We will not be alone if we articulate and maintain a militant anti-racist, anti-patriarchal and anti-capitalist position. There are white people who don’t like where this “debate” is going. There are white people who feel uneasy about the strength of right-wing religious currents around the world, but who feel even more uncomfortable with the people of Herouxville. Even Quebec Solidaire seems to have staked out a liberal anti-racist and anti-sexist position on all this, insisting that the question should be deracialized and demanding that a woman from a “cultural community” be selected to head the government’s commission on the question; not revolutionary, but then again neither is QS…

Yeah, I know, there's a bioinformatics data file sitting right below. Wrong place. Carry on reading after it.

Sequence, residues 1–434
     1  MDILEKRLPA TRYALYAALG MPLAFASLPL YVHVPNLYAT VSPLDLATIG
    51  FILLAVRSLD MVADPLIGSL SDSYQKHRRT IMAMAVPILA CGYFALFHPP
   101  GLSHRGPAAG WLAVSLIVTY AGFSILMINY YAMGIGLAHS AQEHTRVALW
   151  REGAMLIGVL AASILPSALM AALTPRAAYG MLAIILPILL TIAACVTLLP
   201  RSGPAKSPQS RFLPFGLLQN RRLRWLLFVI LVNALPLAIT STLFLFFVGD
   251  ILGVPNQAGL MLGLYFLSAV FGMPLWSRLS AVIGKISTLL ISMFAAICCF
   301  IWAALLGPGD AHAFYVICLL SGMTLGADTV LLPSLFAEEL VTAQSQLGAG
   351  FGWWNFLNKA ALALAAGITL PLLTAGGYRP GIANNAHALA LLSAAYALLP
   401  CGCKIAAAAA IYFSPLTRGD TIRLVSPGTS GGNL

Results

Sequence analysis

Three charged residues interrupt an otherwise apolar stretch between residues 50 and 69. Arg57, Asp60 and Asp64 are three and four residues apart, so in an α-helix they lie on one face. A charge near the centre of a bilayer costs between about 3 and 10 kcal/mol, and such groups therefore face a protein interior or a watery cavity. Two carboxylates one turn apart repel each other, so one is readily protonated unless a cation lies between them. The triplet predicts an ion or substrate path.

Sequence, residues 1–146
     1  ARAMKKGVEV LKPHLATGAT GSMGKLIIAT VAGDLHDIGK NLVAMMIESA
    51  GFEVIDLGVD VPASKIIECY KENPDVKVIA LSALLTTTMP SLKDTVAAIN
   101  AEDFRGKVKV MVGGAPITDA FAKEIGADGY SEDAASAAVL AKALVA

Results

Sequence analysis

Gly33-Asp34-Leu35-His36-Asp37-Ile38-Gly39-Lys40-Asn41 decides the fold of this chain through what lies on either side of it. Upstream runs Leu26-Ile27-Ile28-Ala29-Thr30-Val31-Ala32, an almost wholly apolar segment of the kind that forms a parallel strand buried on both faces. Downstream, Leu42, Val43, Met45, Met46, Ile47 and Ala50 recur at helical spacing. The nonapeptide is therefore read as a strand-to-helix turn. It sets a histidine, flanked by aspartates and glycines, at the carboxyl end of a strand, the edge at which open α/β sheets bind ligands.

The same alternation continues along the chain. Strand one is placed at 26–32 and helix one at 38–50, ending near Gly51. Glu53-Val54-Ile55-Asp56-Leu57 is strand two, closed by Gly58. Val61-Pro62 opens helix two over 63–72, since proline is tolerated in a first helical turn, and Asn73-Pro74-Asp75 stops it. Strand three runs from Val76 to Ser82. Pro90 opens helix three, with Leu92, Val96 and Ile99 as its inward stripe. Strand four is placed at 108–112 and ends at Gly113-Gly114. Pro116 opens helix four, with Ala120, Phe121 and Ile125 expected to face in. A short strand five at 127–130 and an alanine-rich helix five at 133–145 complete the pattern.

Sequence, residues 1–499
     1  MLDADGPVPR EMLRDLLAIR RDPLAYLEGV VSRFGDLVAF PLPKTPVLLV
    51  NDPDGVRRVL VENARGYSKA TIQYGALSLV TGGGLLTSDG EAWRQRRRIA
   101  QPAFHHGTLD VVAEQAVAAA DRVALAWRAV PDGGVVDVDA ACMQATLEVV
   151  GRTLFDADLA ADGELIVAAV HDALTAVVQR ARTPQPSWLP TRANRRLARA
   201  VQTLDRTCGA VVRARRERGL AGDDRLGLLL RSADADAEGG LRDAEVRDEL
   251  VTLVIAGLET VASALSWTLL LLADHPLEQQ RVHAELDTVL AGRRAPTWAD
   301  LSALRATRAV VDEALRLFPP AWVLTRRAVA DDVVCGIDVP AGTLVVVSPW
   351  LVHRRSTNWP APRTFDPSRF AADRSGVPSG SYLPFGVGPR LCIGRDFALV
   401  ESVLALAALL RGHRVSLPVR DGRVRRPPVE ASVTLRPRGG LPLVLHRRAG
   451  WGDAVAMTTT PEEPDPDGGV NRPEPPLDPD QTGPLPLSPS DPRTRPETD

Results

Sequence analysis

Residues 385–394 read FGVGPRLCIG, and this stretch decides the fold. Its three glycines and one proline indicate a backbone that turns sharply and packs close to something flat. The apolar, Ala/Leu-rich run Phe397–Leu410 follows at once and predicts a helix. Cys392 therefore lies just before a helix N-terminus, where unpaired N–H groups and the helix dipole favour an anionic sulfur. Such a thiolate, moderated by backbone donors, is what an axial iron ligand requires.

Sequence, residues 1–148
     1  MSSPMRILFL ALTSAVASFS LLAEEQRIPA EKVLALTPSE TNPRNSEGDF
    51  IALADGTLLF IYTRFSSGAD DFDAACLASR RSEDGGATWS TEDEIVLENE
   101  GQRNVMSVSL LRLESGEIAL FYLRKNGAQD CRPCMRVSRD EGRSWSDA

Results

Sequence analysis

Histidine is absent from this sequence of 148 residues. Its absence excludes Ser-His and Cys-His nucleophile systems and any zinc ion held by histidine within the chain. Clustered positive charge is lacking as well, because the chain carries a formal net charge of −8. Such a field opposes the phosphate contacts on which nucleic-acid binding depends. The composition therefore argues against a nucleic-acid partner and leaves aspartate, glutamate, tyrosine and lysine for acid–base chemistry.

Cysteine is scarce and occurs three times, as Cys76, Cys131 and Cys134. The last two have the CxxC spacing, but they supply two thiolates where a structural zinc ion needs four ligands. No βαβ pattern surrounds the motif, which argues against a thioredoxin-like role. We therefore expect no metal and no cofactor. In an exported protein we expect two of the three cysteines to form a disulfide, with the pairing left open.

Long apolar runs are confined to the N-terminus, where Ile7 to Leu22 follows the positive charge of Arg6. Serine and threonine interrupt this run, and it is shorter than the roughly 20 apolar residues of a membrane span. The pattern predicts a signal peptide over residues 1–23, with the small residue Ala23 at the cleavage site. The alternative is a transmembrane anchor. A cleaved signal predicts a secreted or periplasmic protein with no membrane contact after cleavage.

By staking out a radical position far to the left of the likes of Françoise David, we will create the possibility for alliances with insurgent sections of the immigrant working class, sections whose opposition to right-wing patriarchal ideas is likely to be deeper and stronger than what we ourselves can manage on our own right now.

To articulate and maintain such a position requires confronting the current wave of nativism head-on, not diluting our opposition with demands for immigrant communities to adapt to the cultural norms of the majority. Not diluting our politics with support for practices that disempower or marginalize women, queers or the poor, but always taking our lead from the oppressed themselves, not from petit bourgeois politicians and journalists.